Traction radiographs versus CT in the evaluation of fracture morphology and consecutive treatment decisions in OTA/AO 43C3 fractures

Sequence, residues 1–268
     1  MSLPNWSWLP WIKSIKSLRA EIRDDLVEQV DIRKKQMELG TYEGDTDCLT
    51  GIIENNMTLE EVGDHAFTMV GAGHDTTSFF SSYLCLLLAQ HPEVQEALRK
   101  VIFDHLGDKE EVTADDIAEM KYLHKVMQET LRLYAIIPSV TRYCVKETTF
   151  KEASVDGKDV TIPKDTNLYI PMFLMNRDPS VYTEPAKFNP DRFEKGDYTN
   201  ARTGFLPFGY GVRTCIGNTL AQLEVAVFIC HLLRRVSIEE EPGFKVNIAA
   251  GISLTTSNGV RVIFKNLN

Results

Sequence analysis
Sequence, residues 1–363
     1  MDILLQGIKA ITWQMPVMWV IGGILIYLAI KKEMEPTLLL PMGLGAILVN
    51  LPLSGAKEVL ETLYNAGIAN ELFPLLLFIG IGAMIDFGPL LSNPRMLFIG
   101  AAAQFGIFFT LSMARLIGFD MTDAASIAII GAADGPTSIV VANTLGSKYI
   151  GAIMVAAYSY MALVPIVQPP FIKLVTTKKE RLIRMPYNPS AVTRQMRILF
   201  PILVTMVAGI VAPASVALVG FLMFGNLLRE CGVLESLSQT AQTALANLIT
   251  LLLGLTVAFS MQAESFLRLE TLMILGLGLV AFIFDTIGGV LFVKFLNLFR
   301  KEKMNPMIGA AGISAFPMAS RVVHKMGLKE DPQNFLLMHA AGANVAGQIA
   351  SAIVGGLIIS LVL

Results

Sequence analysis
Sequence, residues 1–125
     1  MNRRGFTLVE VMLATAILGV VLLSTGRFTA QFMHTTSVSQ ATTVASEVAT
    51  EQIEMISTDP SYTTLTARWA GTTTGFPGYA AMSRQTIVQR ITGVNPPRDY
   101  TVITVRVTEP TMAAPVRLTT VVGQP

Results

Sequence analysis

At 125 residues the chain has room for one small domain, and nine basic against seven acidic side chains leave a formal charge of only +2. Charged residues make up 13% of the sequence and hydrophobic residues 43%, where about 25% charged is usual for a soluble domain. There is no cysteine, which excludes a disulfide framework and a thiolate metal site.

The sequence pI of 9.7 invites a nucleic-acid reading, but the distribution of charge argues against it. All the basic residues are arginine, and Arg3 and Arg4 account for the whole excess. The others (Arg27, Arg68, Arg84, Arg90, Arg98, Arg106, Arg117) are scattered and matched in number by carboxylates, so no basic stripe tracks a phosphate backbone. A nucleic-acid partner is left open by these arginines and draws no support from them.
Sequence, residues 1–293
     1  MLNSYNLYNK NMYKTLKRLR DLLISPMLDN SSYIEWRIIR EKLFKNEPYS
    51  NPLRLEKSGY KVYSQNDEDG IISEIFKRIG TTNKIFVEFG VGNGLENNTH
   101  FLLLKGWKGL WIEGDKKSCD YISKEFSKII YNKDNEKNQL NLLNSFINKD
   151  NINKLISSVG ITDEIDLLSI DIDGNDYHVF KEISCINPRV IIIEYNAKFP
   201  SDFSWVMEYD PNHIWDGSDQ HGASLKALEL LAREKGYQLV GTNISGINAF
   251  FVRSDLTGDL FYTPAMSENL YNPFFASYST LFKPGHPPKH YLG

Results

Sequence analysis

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Background: Standard radiographs are limited in the evaluation of fracture characteristics and preoperative planning of OTA/AO 43C3 fractures. Therefore, CT imaging is an accepted as a useful method. CT is however expensive and has high radiation, and traction radiographs could be an alternative. This study aimed to compare fracture fragment and comminution zone visualization between traction radiographs and CT and any potentially resulting differences in consecutive treatment and surgical approach recommendations. Methods: Twenty orthopaedic surgeons assessed traction radiographs and CT images of 12 OTA/AO 43C3 type fractures. Each observer was required to identify the anterolateral, posterolateral, and medial malleolus fragments and the lateral, central, and medial shoulder comminution zones. They then had to recommend treatment (nonoperative, ORIF, closed reduction and external fixation, percutaneous screw fixation, or primary tibiotalar arthrodesis) with the best surgical approach (medial, anterolateral, posterolateral, posteromedial, or combined). Intra- and interobserver reliability, correct identification of fracture fragments and comminution zones on both images, and consistency of treatment recommendations and surgical approaches were analyzed. Results: The agreement of each observer's assessment of the presence or absence of specific fracture fragments and comminution zones was substantially increased for CT as compared to traction radiographs, particularly for the posterolateral (p = 0.000) and anterolateral fragment (p = 0.000), and the lateral (p = 0.000), central (p = 0.000), and medial shoulder comminution zone (p = 0.000). The interobserver reliability when assessing the three fracture fragments and comminution zones on the traction radiographs was moderate, whereas it was substantial when assessing these characteristics on CT. The medial malleolus fragment was more often correctly identified on traction radiographs than CT images (p = 0.001). The ability to correctly identify lateral, central, and medial shoulder comminution zones was higher for CT than traction radiographs (p = 0.000). The treatment and surgical approach recommendations after traction radiograph and CT evaluation were similar (p < 0.05). Conclusions: Traction radiographs may be a useful alternative to CT imaging in the preoperative planning of pilon fracture repair. Despite less reliable fracture fragment and comminution zone identification on traction radiographs, treatment recommendations and surgical approach were not influenced. (C) 2018 Elsevier Ltd. All rights reserved.